It seems like everyone on the Bulls is optimistic about Curry's future. If they are so confident that he will be fine, why are they still making him sit out? I think it's the wrong time to be too cautious with Curry. --Henry, Ann Arbor, Mich.
Cynically, there are about 60 million reasons why it's the right time to be cautious with Curry. That's the rough "guestimate" of the investment the Bulls will be making in him this summer. Wouldn't you want him to be checked out before giving him that money? But on a more personal and compassionate level, John Paxson and the Bulls' organization simply want all their and Curry's family's questions answered. In his tenure as GM, Paxson has proved to be extremely cautious, conservative and compassionate. Look at how he handled the Jay Williams' situation.
As for Curry's health, obviously something came up in the initial round of testing that they want checked out further. Paxson has made it clear that the team won't be revealing the testing procedures and that there will be no updates given on his condition until all the testing is completed. This has become a very private medical issue.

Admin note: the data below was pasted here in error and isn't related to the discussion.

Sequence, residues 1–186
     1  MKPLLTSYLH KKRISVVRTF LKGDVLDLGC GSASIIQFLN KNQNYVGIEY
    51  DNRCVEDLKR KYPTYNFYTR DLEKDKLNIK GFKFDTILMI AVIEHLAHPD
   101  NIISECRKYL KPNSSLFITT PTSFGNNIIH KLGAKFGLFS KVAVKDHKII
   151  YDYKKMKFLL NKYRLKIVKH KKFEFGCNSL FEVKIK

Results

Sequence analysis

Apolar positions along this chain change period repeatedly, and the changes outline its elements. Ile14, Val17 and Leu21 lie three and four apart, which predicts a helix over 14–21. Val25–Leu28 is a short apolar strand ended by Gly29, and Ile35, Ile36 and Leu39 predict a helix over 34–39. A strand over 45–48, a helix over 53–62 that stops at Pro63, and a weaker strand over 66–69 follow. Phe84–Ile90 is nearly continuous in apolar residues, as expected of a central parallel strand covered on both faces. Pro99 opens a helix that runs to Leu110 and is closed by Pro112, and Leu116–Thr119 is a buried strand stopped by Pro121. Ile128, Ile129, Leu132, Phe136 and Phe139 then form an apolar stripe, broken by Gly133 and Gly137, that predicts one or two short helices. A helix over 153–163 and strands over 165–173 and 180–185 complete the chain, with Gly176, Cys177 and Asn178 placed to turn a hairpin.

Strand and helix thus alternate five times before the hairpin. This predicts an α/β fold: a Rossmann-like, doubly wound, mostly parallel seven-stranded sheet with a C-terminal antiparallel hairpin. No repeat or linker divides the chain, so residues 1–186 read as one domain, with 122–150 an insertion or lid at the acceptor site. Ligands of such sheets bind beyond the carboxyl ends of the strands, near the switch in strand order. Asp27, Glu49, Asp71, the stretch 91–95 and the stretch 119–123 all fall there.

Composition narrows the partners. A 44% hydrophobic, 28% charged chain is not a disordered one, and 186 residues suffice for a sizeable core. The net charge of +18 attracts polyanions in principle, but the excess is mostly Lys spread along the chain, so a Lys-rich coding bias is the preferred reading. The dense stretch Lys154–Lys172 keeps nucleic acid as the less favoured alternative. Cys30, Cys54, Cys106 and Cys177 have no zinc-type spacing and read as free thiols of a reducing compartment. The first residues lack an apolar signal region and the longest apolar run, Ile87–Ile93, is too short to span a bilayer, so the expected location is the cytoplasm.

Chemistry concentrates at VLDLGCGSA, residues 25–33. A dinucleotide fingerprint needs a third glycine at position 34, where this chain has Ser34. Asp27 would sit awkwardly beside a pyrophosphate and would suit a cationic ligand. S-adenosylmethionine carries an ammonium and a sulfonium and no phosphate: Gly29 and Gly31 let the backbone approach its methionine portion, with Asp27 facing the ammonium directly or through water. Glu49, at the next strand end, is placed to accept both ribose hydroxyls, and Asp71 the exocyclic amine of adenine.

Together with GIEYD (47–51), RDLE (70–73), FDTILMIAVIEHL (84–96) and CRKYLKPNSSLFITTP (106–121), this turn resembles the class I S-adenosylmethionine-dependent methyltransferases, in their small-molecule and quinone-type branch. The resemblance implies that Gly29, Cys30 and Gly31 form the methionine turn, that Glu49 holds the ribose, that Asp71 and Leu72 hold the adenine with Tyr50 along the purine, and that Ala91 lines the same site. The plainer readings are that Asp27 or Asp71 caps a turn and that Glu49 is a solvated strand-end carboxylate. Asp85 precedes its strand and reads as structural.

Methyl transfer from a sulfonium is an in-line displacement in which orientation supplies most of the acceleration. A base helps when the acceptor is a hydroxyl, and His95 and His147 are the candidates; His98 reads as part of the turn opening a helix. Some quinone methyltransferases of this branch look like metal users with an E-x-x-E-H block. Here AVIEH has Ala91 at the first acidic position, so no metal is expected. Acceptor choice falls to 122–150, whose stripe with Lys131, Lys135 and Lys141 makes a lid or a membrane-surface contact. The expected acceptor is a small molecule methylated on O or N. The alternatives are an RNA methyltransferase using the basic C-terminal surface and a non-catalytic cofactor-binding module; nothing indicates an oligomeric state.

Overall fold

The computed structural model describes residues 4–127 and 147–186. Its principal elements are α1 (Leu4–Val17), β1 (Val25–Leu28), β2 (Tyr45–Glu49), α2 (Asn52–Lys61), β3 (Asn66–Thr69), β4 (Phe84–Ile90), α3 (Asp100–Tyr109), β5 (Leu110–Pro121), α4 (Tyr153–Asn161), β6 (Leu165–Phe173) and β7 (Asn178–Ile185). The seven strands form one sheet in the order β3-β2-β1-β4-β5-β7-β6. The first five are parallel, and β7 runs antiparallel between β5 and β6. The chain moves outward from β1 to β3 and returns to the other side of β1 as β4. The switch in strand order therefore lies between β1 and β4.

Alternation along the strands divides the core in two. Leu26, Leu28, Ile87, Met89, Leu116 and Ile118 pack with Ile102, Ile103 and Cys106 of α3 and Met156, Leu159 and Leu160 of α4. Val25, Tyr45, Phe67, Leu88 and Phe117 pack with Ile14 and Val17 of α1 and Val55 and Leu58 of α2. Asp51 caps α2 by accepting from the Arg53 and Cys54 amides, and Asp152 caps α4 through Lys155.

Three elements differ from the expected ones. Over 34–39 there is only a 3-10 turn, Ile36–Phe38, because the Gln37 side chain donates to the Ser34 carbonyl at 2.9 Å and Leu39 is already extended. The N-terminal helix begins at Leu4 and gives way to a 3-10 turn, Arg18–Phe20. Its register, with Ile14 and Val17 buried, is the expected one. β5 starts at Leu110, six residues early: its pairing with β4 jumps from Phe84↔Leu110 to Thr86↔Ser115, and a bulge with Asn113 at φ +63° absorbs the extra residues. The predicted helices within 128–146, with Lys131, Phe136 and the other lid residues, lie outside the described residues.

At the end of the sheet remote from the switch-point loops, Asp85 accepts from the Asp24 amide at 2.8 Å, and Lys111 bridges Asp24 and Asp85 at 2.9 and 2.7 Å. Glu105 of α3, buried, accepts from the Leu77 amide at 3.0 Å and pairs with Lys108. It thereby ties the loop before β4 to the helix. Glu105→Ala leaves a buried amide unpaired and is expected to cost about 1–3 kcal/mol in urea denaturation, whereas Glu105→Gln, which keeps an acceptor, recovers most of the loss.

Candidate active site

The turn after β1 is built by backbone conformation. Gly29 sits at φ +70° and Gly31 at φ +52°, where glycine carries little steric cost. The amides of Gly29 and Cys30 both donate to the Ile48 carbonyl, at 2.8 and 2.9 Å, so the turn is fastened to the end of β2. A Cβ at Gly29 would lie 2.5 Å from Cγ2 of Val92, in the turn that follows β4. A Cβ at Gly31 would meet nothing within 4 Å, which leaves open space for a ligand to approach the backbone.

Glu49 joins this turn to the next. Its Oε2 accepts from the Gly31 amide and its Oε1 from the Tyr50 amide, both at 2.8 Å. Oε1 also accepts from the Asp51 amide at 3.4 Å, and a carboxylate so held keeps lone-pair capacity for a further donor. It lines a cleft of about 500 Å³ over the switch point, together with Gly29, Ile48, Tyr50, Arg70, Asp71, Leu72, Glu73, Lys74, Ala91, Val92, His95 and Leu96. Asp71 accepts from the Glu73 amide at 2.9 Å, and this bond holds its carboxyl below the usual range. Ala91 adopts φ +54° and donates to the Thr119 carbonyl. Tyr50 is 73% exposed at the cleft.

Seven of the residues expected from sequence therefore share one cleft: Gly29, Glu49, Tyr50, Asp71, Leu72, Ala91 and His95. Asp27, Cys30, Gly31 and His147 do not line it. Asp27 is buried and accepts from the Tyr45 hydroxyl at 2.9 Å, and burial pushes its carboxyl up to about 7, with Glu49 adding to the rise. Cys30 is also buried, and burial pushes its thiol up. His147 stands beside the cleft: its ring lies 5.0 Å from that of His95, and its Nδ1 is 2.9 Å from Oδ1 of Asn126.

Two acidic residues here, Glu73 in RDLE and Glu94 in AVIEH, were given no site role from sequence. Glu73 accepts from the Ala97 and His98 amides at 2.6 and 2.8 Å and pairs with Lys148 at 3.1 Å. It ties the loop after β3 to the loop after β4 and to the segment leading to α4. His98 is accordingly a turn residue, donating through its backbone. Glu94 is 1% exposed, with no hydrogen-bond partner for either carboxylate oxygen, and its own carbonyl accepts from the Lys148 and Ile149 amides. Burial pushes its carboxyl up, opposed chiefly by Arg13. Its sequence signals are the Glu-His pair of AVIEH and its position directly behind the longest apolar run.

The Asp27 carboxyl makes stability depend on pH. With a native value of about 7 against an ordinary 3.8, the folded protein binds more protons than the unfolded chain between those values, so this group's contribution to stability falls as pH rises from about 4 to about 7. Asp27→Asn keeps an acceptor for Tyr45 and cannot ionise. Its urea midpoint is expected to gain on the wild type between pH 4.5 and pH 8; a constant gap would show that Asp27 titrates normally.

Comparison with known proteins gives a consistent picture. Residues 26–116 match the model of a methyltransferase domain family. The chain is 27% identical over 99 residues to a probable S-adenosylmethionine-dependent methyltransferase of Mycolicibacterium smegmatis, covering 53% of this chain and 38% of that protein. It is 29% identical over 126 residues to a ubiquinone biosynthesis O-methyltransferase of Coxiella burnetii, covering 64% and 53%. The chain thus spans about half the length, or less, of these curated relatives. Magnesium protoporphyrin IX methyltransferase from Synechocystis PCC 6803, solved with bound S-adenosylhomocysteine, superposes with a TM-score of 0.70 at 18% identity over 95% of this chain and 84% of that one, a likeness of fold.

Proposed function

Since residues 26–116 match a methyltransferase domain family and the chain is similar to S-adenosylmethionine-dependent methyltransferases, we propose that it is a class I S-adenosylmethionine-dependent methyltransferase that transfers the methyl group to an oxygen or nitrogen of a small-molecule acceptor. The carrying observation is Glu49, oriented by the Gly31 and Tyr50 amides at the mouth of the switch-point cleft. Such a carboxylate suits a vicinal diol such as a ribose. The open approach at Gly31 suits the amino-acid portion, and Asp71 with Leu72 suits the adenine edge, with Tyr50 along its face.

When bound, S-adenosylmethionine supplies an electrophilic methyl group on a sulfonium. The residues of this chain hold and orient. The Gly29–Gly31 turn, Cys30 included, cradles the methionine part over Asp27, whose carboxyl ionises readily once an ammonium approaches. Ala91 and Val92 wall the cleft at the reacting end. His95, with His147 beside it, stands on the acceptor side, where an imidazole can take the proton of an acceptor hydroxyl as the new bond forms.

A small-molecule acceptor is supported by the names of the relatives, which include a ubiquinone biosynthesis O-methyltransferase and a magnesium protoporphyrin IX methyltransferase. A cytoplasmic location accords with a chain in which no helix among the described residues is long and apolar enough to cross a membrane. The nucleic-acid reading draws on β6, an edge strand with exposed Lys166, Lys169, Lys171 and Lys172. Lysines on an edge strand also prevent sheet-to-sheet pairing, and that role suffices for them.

Do you think the Bulls are one of those rare teams that could upset everyone and win it all this year? --Ben, Hong Kong
Three words say no: Shaquille O'Neal. Then again, Shaq has been limping to the finish line health-wise. In other words, I've seen stranger things, like e-mails from Hong Kong.
Are the Bulls going to wear black sneakers in the playoffs? --Chris Shiherlis, Chicago
Only if Ed Nealy says it's OK.
You had a comment in your that alluded to something that's always bothered me about professional sports--the money. Do you find it difficult to cover a business that pretends to be about competition and superior athletics, but is really about owners' revenue streams and "players" maximizing their salary potential? I hate to sound cynical, but I'm continually amazed that college sports aren't more popular for these exact reasons. --Justin Bill, Glenview, Ill.